What is Dark-Sky Lighting?
· It's simply a way of lighting that helps keep the sky dark by fully shielding the light bulb on the top and sides so the light is directed down rather than to the sides and up to the sky, which creates glare, excess light and hides our stars. (Skip to 4:50 of "Losing the Dark," below, to see this demonstrated).
· It is amber in color instead of blue, green or white. Amber LEDs are a better choice than warm white or low CCT white LEDS. However, choose warm white or low CCT (2700 kelvin or less) over a higher kelvin white LED. Find amber LED sources here. For further understanding, please see Dark-Sky Resources.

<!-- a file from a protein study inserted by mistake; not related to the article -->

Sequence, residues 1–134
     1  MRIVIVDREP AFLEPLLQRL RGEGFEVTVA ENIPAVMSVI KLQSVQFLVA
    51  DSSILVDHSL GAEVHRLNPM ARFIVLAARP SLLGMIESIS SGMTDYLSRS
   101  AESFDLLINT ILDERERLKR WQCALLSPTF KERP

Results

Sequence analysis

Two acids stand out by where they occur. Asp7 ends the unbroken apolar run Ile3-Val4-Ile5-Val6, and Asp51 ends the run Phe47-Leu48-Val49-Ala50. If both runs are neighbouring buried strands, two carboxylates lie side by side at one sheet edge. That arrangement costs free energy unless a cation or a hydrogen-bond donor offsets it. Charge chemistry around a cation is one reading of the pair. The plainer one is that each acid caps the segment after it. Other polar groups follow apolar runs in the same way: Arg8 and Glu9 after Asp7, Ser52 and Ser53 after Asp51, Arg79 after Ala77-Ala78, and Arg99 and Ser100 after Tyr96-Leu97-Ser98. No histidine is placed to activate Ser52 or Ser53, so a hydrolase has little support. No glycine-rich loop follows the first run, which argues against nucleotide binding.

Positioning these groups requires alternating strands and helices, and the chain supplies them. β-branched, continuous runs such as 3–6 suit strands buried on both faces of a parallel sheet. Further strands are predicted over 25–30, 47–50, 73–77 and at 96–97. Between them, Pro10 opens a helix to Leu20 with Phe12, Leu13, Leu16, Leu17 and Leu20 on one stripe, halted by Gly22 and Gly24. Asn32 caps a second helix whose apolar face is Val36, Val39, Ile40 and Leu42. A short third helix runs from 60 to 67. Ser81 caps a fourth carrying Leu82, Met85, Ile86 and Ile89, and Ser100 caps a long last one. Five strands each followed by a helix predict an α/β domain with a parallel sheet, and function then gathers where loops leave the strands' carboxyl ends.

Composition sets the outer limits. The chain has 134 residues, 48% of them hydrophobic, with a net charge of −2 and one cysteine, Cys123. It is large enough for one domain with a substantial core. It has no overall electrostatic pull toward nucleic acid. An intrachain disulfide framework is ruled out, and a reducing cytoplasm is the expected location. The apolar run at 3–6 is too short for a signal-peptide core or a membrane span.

· It is dimmed and no brighter than necessary, is only used where or when needed, and often uses timers or motion detectors.
This solution to light pollution began with Flagstaff Dark Skies Coalition, when in the 1950s, they realized the necessity of protecting their dark skies, and they now have the darkest skies of probably any illuminated city you will find. They use mostly *amber* dark-sky lighting, and it's now widely available--people just need to know about it.
- Wattage: 150W (75x2)
- Input voltage: 110-277V
- Total lumen:12,000 lumen
- Efficiency: 80lm/w
- Measurement: 27inch x 17inch x 4inch
- color temperature: 1650K
- Narrow Band peak: 595nm
NBA LED is not low-CCT White LEDs
Spectral Power Graph – NBA LED